Just How Do Deaths Due to COVID-19 Stack Up?
Christopher Troeger with Think Global Health
COVID-19 is the leading cause of death in France, England, Mexico, and Brazil, and the second leading cause in the U.S.
ince the World Health Organization declared a pandemic one year ago, COVID-19 has killed around three million people, including more than 500,000 in the United States, 250,000 in Brazil, and 150,000 in India. These tallies may substantially underestimate COVID-19’s true death toll. The scale of loss is staggering, but the huge numbers are difficult to understand without context. It can be helpful to consider how COVID-19 ranks as a cause of death around the world, and some of the factors driving those trends.
Since the beginning of 2020, COVID-19 was the fourth leading cause of death, accounting for nearly 1 in 20 deaths. About half of people globally live to 70 before they die, so causes of death that tend to kill older adults such as ischemic heart disease and stroke predominate among the most common causes of death. COVID-19 mortality is similar in that it kills very few young children or adolescents, but becomes sharply more dangerous with age and disproportionately kills people over 70 years old.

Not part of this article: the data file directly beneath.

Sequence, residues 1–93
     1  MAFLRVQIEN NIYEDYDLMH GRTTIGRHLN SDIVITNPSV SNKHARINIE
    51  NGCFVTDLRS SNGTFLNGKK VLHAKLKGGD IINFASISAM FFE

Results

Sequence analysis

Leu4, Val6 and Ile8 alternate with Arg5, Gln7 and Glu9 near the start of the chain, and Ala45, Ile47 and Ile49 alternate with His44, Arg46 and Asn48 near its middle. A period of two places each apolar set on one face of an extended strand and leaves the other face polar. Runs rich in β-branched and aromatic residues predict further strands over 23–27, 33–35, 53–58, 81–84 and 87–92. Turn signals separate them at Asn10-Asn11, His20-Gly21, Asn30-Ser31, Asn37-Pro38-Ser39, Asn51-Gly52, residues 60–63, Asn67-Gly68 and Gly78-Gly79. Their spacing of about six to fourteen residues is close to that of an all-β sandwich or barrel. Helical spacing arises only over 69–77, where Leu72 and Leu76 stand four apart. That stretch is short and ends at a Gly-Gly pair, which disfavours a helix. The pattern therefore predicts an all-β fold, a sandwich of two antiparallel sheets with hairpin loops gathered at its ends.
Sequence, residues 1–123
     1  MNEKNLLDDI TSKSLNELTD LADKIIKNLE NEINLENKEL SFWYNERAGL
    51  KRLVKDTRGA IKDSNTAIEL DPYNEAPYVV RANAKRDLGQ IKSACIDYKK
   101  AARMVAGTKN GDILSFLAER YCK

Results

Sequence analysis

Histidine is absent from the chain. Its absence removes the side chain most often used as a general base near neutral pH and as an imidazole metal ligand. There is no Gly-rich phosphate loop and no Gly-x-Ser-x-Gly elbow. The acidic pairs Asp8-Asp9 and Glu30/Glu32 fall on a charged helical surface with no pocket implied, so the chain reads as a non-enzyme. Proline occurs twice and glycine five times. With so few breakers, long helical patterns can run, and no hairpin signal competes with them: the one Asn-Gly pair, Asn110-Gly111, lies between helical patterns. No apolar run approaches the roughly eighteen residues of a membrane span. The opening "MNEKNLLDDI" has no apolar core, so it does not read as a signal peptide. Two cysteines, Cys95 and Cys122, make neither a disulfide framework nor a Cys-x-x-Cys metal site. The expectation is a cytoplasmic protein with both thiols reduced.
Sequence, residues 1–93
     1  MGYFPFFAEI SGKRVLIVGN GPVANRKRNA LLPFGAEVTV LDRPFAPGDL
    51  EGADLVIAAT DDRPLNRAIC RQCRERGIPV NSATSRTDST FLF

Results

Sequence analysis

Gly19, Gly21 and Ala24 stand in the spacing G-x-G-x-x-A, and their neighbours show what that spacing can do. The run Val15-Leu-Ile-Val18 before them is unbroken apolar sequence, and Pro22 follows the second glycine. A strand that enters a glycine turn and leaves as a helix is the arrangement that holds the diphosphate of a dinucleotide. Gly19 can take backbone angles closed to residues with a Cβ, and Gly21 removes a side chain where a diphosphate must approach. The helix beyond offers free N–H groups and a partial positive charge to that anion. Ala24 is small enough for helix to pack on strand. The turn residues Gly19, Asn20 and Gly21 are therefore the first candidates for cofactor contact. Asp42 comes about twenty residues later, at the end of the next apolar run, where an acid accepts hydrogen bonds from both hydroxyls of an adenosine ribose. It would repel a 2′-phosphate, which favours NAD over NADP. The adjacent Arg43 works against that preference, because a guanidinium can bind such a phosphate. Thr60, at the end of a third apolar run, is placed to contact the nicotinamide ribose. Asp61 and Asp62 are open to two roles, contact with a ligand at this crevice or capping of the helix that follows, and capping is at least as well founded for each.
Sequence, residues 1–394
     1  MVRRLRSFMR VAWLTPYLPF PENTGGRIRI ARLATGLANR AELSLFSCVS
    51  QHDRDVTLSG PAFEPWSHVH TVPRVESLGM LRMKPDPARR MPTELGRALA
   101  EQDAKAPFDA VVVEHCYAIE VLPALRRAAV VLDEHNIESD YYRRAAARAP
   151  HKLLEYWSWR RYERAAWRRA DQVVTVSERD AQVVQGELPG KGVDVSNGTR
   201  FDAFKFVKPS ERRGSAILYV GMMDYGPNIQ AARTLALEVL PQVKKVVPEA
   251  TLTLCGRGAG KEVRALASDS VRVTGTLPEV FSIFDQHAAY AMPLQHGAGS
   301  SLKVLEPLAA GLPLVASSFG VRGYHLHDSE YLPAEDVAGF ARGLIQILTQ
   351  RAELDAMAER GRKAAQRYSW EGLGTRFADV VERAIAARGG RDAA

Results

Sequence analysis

COVID-19 was the leading cause of death in France, Spain, England, and several U.S. states. People over 70, who are at higher risk of COVID-19 mortality, make up a higher share of the population in higher-income countries. Those countries also tend to have a higher prevalence of chronic health conditions that increase with age such as obesity, high blood pressure, diabetes, chronic kidney disease, and respiratory illness, which further contributed to higher rates of COVID-19 mortality.